The ADA: We’ve Got a Long Way to Go

The ADA: We’ve Got a Long Way to Go

By Ashley Jacobson, Esq., MA, CRC

On July 26, 1990 President Bush signed the Americans with Disabilities Act (ADA) into law. This Act addresses discrimination against people with disabilities with broad-sweeping protections. If you have a physical, mental, cognitive, hearing, visual, or other condition that significantly interferes with one or more major life activities (eating, sleeping, grooming, cooking, etc.); have been diagnosed or recorded as having such a condition; or if you are regarded by others as having a disability this law protects you.

It establishes that people with disabilities must not face discrimination in public, private, transportation, education–pretty much anywhere. And yet, since this law was enacted, people with disabilities have had little luck holding the Act’s violators accountable.

One reason for this, is that the legal battle for fighting disability discrimination in court is tumultuous and COSTLY. With a large portion of the disability community unemployed or underemployed, often because of discrimination in hiring practices, how are people with disabilities to afford lengthy legal battles?

Another issue with enforcing the ADA is that most employers, politicians, parents, friends, and other community members never made the effort to understand the protections afforded in this important piece of law. Ignorance is not an excuse when it comes to enforcing laws, but the lack of general understanding about the ADA outside of the disability community leads to burnout among the disability community’s members, who have to explain and be experts in protecting their rights, AND holding people in positions of power accountable.

This leads to the third issue–many people with disabilities lack a thorough knowledge of their disability rights. The ADA is certainly the most discussed disability rights law, but it is just one of quite a few laws protecting people with disabilities. Even so, after the general purpose of the law, many people don’t know the Act’s specific provisions. If you don’t know the provisions, how can you know every instance those rights are violated? Disability rights attorneys like myself, and educators (special educators and general educators) need to operate on an accessible level, educating the disability community from a young age on how its members are entitled to protections under the law to account for systemic ableism and discrimination that threatens their livelihood, and sometimes–their lives.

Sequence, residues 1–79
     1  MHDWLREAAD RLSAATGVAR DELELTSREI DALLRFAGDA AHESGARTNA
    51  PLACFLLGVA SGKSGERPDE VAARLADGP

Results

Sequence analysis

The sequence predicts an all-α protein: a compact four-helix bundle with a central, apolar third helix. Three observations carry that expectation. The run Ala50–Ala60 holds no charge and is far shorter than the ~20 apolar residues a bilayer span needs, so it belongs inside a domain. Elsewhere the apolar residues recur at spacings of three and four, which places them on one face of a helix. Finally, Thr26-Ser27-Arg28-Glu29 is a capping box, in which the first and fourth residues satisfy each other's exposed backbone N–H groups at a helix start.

However, even when disability rights attorneys know and help those with disabilities, too many attorneys have no training in adapting the legal process to the needs of their clients with disabilities. The legal system is largely inaccessible, and lawyers rarely have the special education and disability rehabilitation counseling work background I have. They don’t change how the documents look so that their clients with visual disabilities can read them. They don’t adapt their questions in legal consultations to account for communication differences. They don’t know, what they don’t know, but that’s never an excuse. Lawyers, of all specialties, need to approach each client with individual assessments of how the legal system can be adapted to involve them in their cases.

Let’s say that the person knows his rights, has a job or can afford an attorney, that attorney is knowledgeable in serving people with disabilities, that attorney adapts the legal process to the client’s needs, and there is a clear violation of the ADA. Depending on where the discrimination takes place, it can be extremely challenging holding the guilty party accountable.